CANADA FX DEBT-Canadian dollar climbs to 5-month high ahead of GDP data

    * Canadian dollar rises 0.1% against the greenback
    * Price of U.S. oil increases 0.2%
    * Canadian bond prices dip across the yield curve

    TORONTO, June 28 (Reuters) - The Canadian dollar
strengthened to a near five-month high against the greenback on
Friday but the move was small ahead of domestic data that could
help guide expectations for Bank of Canada interest rate
    At 8:07 a.m. (1207 GMT), the Canadian dollar          was
trading 0.1% higher at 1.3086 to the greenback, or 76.42 U.S.
cents. The currency, which has been boosted over the last week
by the prospect of Federal Reserve interest rate cuts, touched
its strongest intraday level since Feb. 1 at 1.3085.
    For the month, the loonie is on track to rise 3.3%.
    A Reuters poll showed that economists expect gross domestic
product, due for release at 8:30 a.m. (1230 GMT) to rise 0.1% in
April after climbing 0.5% in the prior month. The Bank of Canada
has pointed to evidence that Canada's economy is recovering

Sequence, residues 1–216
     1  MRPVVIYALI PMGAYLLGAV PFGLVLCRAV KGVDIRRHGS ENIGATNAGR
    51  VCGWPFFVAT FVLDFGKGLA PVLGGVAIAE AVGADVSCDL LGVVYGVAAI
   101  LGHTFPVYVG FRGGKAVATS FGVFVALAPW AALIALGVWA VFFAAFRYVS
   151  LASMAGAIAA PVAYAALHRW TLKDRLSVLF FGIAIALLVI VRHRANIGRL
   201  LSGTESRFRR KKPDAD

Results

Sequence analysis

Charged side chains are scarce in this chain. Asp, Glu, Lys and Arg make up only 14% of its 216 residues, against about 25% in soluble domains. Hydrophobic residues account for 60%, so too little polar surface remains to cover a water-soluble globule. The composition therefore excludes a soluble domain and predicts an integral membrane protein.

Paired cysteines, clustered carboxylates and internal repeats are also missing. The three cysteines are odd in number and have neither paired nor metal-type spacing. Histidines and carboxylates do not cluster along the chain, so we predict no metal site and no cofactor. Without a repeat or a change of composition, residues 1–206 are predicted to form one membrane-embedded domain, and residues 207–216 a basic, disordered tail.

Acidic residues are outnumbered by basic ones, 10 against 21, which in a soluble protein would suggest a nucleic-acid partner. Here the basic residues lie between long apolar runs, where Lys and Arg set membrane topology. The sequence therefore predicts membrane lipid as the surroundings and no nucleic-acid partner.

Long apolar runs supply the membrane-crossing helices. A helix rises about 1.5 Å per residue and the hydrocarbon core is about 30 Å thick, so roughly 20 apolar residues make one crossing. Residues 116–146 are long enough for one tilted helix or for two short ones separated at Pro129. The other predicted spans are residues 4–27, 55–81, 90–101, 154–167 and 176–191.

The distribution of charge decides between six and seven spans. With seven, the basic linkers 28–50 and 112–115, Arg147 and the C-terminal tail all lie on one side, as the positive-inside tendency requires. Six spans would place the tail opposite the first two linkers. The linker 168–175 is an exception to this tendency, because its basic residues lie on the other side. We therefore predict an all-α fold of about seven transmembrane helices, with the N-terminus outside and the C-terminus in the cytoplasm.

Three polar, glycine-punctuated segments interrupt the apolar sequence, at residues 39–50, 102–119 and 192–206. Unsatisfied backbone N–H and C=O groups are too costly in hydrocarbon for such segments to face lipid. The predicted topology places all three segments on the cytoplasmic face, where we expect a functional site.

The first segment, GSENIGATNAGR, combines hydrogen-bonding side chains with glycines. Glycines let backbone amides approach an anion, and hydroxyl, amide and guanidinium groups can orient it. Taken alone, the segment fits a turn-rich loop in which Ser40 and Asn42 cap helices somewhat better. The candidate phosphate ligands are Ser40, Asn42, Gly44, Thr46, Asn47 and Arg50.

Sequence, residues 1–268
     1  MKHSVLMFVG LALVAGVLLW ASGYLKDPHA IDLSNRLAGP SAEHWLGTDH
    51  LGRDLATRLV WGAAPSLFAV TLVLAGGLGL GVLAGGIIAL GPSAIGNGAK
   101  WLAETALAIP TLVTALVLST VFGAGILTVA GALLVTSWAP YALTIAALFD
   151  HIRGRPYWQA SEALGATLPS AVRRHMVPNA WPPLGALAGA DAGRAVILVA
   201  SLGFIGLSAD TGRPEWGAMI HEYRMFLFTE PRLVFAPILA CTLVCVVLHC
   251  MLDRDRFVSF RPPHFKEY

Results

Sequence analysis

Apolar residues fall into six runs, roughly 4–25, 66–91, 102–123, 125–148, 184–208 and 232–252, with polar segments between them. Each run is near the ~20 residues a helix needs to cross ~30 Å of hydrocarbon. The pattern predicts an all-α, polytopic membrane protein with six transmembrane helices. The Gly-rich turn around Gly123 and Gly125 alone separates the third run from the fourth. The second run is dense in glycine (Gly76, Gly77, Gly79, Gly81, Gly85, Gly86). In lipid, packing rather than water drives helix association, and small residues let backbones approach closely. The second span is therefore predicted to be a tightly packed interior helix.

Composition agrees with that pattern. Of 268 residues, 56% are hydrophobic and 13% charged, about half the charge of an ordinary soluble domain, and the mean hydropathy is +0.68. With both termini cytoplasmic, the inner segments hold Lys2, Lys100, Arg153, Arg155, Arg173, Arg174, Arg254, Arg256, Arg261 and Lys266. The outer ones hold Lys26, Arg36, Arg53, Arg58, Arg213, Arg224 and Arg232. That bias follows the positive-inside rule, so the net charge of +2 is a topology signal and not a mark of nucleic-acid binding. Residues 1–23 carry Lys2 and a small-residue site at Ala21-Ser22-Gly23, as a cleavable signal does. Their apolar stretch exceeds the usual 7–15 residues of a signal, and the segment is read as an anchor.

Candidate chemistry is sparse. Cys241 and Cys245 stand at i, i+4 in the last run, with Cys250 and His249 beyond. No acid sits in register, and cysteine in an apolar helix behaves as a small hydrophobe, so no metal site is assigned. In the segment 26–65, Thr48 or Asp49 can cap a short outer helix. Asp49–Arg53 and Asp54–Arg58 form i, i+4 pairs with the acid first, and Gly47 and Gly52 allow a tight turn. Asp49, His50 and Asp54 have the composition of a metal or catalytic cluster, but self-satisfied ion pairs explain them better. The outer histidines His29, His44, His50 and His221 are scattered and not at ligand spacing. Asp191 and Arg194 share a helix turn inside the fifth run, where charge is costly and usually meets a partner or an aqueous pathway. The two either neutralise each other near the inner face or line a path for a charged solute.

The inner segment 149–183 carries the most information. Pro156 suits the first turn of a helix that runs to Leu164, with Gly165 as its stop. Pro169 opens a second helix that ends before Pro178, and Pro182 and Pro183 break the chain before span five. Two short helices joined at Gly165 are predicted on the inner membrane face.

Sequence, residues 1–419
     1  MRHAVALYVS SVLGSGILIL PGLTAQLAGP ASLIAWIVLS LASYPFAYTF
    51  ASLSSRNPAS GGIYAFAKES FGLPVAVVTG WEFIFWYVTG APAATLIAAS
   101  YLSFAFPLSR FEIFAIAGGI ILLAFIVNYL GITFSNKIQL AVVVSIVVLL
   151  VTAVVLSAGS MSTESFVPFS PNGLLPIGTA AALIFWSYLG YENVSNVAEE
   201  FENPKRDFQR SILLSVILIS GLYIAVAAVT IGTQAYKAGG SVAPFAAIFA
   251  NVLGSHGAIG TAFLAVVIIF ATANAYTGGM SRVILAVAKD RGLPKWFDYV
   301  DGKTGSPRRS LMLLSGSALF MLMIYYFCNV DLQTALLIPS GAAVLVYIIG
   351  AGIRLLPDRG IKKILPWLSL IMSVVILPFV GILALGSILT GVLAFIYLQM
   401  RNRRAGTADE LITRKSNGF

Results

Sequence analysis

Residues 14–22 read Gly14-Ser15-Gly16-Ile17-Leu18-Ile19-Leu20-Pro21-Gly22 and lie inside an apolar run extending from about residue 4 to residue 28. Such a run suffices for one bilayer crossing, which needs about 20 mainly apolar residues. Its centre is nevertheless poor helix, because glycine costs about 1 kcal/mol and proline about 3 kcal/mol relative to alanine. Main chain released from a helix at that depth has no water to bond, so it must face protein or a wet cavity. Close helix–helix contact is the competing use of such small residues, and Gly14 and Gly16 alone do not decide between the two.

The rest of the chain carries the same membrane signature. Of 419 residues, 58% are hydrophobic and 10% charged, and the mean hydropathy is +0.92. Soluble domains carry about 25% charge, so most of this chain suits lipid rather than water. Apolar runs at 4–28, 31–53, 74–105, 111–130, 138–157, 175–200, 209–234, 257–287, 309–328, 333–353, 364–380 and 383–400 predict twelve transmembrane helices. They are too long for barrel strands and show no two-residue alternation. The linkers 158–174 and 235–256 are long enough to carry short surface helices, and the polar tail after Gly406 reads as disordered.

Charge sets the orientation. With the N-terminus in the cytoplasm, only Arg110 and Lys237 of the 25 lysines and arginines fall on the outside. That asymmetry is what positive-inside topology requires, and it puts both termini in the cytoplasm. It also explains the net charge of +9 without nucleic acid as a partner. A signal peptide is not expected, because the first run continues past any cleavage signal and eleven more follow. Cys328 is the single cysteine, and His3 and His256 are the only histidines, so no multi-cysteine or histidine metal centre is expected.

after a slow down around the turn of the year.    
    World shares were steady as uncertainty ahead of a meeting
on trade between U.S. President Donald Trump and Chinese
President Xi Jinping deterred traders from making bold
directional bets.             
    Canada is a major exporter of commodities, including oil, so
its economy could benefit from reduced uncertainty for global
trade. U.S. crude oil futures        were up 0.2% at $59.56 a
    Canadian government bond prices edged lower across the yield
curve in sympathy with U.S. Treasuries. The two-year           
fell 1.5 Canadian cents to yield 1.463% and the 10-year
            was down 2 Canadian cents to yield 1.476%.
    On Thursday, the 10-year yield touched its highest intraday
in more than two weeks at 1.522%.    

 (Reporting by Fergal Smith
Editing by Nick Zieminski)